Petrobras has already given some hint of how drastic the cuts will be. In April, just two months after Bendine was appointed, the company said investments, budgeted at $44 billion a year in its 2014-2018 business plan, would be scaled back to $29 billion in 2015 and $25 billion in 2016.

Modest Start

Bendine entered Brazil’s largest state bank, Banco do Brasil, as an office boy in late 70’s and worked his way to the top, never straying from the state-controlled institution until the Petrobras job came calling. He was named the bank’s CEO in 2009 under Luiz Inacio Lula da Silva’s presidency. Charged with the task of reducing interest rates and increasing loans, he managed to serve the government’s interests at the same time he almost tripled the bank’s assets value.

Subordinates praise him as an executive with political abilities — a confident leader who delegates power and listens in meetings. Bank and Petrobras insiders also say Bendine has been aided in his efforts by Monteiro, who has worked with him since 2009 and followed him to Petrobras at Bendine’s request.

The two presided over an April 2013 initial public offering that raised 11.4 billion reais by spinning off Banco do Brasil’s insurance division into a new company. Petrobras, they have said, may lend itself to a similar strategy.

“Our job here is to find the hidden values,” Monteiro said in the April 23 interview.

Coming Jolt

If outsiders are poised for a jolt in spending cuts, company insiders are girding for a massive shakeup as well. One plan being floated by Bendine is to merge Petrobras’s current seven divisions into two super divisions. One would be focused on downstream operations, principally the refining of oil and purifying of natural gas, and the other on upstream or the exploration and development of oil and gas fields, according to three people familiar with the discussions.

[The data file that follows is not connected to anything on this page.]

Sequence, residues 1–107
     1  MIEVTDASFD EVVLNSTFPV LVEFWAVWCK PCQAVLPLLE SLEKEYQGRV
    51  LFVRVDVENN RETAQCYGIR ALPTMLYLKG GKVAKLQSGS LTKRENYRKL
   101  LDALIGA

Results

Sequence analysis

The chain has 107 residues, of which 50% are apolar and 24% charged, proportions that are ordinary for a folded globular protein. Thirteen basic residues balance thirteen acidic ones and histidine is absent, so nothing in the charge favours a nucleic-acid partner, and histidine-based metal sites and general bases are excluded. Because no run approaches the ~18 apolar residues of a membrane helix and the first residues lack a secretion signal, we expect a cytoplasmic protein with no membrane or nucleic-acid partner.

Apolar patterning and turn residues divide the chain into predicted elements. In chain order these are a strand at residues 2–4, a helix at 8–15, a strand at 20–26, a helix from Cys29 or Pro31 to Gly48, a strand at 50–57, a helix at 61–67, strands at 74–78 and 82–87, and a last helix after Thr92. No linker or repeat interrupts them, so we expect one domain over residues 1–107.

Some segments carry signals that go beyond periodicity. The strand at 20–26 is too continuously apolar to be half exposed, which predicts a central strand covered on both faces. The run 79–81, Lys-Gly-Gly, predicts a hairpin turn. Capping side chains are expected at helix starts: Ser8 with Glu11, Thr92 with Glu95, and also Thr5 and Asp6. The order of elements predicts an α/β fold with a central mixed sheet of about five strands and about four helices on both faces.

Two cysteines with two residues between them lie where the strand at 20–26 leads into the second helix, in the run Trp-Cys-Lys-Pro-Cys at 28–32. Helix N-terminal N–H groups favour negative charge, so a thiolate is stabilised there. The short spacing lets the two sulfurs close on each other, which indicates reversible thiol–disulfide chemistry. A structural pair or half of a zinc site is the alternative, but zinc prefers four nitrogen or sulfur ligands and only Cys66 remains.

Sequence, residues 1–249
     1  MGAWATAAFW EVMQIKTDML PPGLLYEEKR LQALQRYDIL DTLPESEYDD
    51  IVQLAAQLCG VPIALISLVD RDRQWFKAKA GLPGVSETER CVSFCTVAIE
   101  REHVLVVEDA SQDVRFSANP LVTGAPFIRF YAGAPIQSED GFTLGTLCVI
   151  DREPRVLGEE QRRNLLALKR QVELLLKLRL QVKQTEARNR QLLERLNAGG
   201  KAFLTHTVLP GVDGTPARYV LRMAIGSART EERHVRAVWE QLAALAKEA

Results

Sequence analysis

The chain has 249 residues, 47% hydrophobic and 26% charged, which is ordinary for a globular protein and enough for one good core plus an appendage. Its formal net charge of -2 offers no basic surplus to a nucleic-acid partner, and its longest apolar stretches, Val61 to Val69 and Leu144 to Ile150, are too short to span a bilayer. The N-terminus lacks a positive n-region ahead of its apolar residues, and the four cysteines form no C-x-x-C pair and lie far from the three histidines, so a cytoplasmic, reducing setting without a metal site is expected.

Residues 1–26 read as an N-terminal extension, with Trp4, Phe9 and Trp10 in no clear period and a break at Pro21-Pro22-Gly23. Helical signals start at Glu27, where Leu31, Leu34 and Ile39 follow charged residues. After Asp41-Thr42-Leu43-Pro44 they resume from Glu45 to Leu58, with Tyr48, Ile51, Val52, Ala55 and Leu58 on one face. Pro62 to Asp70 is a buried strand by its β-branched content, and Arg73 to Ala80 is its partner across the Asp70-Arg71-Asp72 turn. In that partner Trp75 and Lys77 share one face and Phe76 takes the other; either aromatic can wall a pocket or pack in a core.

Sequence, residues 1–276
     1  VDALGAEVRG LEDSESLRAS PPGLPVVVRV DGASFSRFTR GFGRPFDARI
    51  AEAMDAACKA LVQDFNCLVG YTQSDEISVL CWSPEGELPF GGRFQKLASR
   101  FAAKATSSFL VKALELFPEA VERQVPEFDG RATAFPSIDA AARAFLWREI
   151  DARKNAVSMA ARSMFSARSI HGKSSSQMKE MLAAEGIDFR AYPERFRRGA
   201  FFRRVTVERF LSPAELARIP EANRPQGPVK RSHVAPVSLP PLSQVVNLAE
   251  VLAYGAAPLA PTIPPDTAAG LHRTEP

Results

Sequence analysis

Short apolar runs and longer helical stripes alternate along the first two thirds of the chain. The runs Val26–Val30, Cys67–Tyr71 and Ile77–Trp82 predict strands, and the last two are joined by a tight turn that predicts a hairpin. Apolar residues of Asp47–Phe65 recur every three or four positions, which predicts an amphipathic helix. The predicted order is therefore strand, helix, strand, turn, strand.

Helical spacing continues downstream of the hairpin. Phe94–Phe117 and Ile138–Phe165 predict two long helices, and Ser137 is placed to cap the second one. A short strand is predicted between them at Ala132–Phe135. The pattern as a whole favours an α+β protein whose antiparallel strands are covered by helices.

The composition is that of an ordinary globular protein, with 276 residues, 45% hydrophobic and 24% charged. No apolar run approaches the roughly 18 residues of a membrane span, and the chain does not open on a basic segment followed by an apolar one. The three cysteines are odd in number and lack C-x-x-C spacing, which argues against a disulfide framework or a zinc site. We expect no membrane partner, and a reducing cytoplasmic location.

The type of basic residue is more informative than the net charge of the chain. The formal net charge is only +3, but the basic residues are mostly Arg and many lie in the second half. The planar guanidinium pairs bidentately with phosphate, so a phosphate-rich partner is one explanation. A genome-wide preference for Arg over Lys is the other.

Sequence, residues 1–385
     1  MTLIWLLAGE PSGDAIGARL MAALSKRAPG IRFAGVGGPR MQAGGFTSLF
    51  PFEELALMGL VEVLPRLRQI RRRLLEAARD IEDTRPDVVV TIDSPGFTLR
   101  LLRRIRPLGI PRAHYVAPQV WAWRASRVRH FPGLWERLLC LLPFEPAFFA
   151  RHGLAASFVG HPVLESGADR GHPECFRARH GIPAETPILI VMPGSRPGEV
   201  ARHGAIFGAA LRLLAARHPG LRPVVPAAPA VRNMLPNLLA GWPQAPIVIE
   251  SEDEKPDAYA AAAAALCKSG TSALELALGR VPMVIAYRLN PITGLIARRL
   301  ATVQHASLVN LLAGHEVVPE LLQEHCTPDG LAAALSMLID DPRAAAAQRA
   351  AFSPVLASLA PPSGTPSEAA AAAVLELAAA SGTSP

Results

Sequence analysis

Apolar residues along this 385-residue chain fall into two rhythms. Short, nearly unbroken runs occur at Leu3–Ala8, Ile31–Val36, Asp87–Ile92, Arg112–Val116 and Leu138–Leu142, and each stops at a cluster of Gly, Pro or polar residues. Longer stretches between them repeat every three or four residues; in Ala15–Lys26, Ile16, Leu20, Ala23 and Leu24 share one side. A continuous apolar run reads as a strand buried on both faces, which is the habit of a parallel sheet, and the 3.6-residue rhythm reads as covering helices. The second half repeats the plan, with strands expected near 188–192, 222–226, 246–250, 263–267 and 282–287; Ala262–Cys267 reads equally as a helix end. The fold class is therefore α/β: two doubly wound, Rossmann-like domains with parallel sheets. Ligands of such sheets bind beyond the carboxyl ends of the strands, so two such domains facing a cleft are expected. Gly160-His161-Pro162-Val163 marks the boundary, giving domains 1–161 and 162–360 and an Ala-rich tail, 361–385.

Heads of the seven current divisions have already been asked to identify non-core positions, a prelude, many fear, to steep salary cuts, these people say. The company’s 1,000-strong communications department is expected to shrink.

And already, according to company insiders, Petrobras has eliminated its international division, which had been shrinking anyway as the company began to focus on Brazil’s own pre-salt petroleum discoveries.

Political Backing

Bendine’s most important asset in pulling this off is his ties to the president.

“Bendine has Dilma’s trust,” said Armando Guedes Coelho, a former Petrobras CEO who served the company in the 1980s. “His mandate is very focused on solving the financial issues.”

Coelho’s view is that Rousseff did the shrewd thing in appointing a banker to right Petrobras’ ship since the company’s considerable oil and gas reserves will pull it through once the company’s finances are put in order.

Coelho’s view was echoed by Danilo Onorino, a portfolio manager at Dogma Capital, which holds Petrobras bonds.

“When you have the most indebted oil company in the world, you need a banker to run it, not a geologist,” he said by telephone from Lugano, Switzerland. “It’s the best that has happened to Petrobras recently.”